Ethics & Religion
July 3, 2019
"All Men Are Created Equal"
By Mike McManus
"We hold these Truths to be self-evident: that all Men are created
equal; that they are endowed by their Creator with certain unalienable
Rights; that among these are Life, Liberty and the Pursuit of
That's the Declaration of Independence, which America adopted on July 4,
However, slavery denied those rights to millions of Negroes.
That fact profoundly disturbed Abraham Lincoln. As he eloquently put it
in his 1863 Gettysburg Address, "Four score and seven years ago, our
fathers brought forth, on this continent, a new nation, conceived in
Liberty and dedicated to the proposition that all men are created
One of the reporters of the event from the Chicago Press and Tribune,
interviewed Lincoln afterwards. The President said that when
representatives from 13 states signed the Declaration, "12 of which were
Lincoln added that "all" of the representatives "greatly deplored the
evil and that they placed a provision in the Constitution which they
supposed would gradually remove the disease by cutting off its source.
This was the abolition of the slave trade."
What made the slavery issue come alive to Lincoln was the passage by
Congress of the Kansas-Nebraska Act of 1854 which allowed the extension
of slavery to the western territories. It was sponsored by Illinois
Senator Stephen Douglas. Prior to that time, slavery was limited to
states south of the Mason-Dixon Line.
Lincoln debated Douglas on the issue seven times in 1854, in a race for
the Senate. Lincoln said that he believed absolutely in the doctrine of
self-government, but asked does "such application depend on whether a
Negro is not or is a man? If he is not a man, why in that case he who is
a man may...do as he pleases with him."
When the white man governs himself and also governs another man, that is
more than self-government, it is despotism. If the Negro is a man, why
then my ancient faith teaches me that `all men are created equal.'"
"No man is good enough to govern another man, without that other's
In their fourth debate, Douglas asserted, "In my opinion, a Negro is not
a citizen, cannot be, and ought not to be, under the Constitution. I say
the Government was established on the white basis. It was made by white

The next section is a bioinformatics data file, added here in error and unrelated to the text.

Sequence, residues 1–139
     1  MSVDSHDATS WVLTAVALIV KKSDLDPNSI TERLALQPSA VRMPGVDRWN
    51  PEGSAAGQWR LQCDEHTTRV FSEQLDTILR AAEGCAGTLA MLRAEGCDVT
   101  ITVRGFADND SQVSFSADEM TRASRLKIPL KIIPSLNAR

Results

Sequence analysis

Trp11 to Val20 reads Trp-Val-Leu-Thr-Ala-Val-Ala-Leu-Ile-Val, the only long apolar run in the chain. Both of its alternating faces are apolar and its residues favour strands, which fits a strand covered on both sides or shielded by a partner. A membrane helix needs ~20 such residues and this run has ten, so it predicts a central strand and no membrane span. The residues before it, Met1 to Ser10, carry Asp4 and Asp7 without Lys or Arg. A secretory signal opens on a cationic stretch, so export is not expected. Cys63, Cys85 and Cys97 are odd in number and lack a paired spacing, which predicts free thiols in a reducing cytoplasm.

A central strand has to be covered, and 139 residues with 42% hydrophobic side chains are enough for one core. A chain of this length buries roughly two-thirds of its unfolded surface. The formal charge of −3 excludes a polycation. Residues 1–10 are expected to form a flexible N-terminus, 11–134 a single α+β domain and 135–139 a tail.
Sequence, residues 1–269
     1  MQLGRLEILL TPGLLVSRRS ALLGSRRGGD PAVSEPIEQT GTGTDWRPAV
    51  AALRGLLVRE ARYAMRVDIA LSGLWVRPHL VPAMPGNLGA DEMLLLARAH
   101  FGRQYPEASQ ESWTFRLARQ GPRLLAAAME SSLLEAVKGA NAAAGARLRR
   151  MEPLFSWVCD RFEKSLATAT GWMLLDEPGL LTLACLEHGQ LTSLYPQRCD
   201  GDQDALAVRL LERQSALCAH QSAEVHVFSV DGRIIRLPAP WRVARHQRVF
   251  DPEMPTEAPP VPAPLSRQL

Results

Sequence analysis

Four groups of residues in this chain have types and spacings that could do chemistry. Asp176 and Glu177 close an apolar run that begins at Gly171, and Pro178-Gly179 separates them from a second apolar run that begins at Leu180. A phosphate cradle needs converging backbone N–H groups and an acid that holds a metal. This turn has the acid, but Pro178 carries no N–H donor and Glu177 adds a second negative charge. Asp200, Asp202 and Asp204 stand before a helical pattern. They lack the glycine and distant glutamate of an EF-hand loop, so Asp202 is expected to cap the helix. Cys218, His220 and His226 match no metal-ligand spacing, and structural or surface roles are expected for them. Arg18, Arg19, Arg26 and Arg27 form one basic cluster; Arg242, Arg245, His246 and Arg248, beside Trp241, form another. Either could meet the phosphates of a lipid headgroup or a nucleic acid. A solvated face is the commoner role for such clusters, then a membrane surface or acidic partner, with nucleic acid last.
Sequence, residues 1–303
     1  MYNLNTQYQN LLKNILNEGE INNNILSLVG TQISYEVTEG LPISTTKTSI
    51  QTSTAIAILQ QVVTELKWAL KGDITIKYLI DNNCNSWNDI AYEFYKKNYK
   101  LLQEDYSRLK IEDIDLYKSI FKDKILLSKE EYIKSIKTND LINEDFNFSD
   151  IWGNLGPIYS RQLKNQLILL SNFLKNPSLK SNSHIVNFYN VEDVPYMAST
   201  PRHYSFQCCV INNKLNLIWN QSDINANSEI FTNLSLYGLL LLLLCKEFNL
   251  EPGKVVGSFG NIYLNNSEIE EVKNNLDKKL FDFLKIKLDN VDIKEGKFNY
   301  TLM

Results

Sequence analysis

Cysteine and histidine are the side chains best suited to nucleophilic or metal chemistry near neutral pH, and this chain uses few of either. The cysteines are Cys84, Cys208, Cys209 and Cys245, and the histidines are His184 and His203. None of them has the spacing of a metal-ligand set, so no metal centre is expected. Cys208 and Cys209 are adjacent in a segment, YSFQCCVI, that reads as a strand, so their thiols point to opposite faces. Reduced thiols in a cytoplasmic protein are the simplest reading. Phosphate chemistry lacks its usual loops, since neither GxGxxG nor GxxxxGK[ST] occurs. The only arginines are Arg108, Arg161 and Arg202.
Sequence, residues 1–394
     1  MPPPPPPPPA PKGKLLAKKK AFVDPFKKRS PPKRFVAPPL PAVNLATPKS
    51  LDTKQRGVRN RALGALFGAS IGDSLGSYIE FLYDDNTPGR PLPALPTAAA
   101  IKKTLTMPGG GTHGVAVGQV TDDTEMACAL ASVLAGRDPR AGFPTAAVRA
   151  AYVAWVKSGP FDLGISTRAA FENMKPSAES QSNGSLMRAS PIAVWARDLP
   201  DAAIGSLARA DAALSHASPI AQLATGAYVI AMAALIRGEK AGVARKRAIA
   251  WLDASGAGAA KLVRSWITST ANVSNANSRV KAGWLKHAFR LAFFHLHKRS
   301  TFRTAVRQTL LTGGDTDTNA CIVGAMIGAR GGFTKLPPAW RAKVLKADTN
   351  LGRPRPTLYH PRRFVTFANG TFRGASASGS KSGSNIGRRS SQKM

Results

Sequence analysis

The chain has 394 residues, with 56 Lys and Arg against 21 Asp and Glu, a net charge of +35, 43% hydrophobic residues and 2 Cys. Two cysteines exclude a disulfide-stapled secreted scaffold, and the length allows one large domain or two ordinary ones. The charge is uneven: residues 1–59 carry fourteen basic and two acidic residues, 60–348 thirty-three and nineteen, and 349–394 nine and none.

men, for the benefit of white men and their posterity forever."
He also argued that Negroes belong "to a race incapable of
self-government and for that reason ought not to be on an equality with
After seven debates, Douglas won the election to the Senate. But Lincoln
performed so well that he won the Republican nomination for President.
Lincoln's position on slavery was not to call for its abolition, but to
limit slavery to the South's slave-holding states. Douglas wanted to
allow western states, whose territories were added to the U.S. by the
Louisiana Purchase, to decide for themselves whether to allow slavery.
Lincoln stoutly opposed that.
Douglas, with bitter sarcasm, denounced Lincoln's view: "The white
people of Nebraska are good enough to govern themselves, but they are
not good enough to govern a few miserable Negroes!!"
As President, Lincoln initially was reluctant to adopt an abolitionist
policy. He had been elected on a platform pledging no interference with
slavery in existing states. Why? He wanted to hold border states like
his native Kentucky, in the union.
He said, "My paramount objective in this struggle is to save the Union,
and it is not either to save or destroy slavery."
However, Northern sentiment, fueled by the Civil War, wanted to end
slavery everywhere. Maine even allowed blacks to vote.
The North's strong anti-slavery sentiment prompted Lincoln to write the
Emancipation Proclamation. Published on September 22, 1862, it declared
that on January 1, 1863, "all persons held as slaves" within the
rebellious states "are and henceforth shall be free."
Although historians say the Proclamation was one of the ten most
important documents in America's history, it only applied to the states
in rebellion, as a measure to cripple the Confederacy. Lincoln's own
advisors opposed it.
One immediate result was that France and Germany, who had considered
supporting the Confederacy, decided not to do so, because they agreed
with the goal of ending slavery.
The Proclamation also declared that African Americans "would be received
into the armed services of the United States." More than 200,000 blacks
The measure was so popular that Lincoln introduced the 13th
Constitutional Amendment to abolish slavery, which was approved in
Lincoln considered the Emancipation Proclamation the crowning
achievement of his Presidency.
All of this is what we celebrate on the 4th of July.
LINK: Full Transcript of the Proclamation:
Copyright (c) 2018 Michael J. McManus, President of Marriage Savers and
a syndicated columnist. To read past columns, go to
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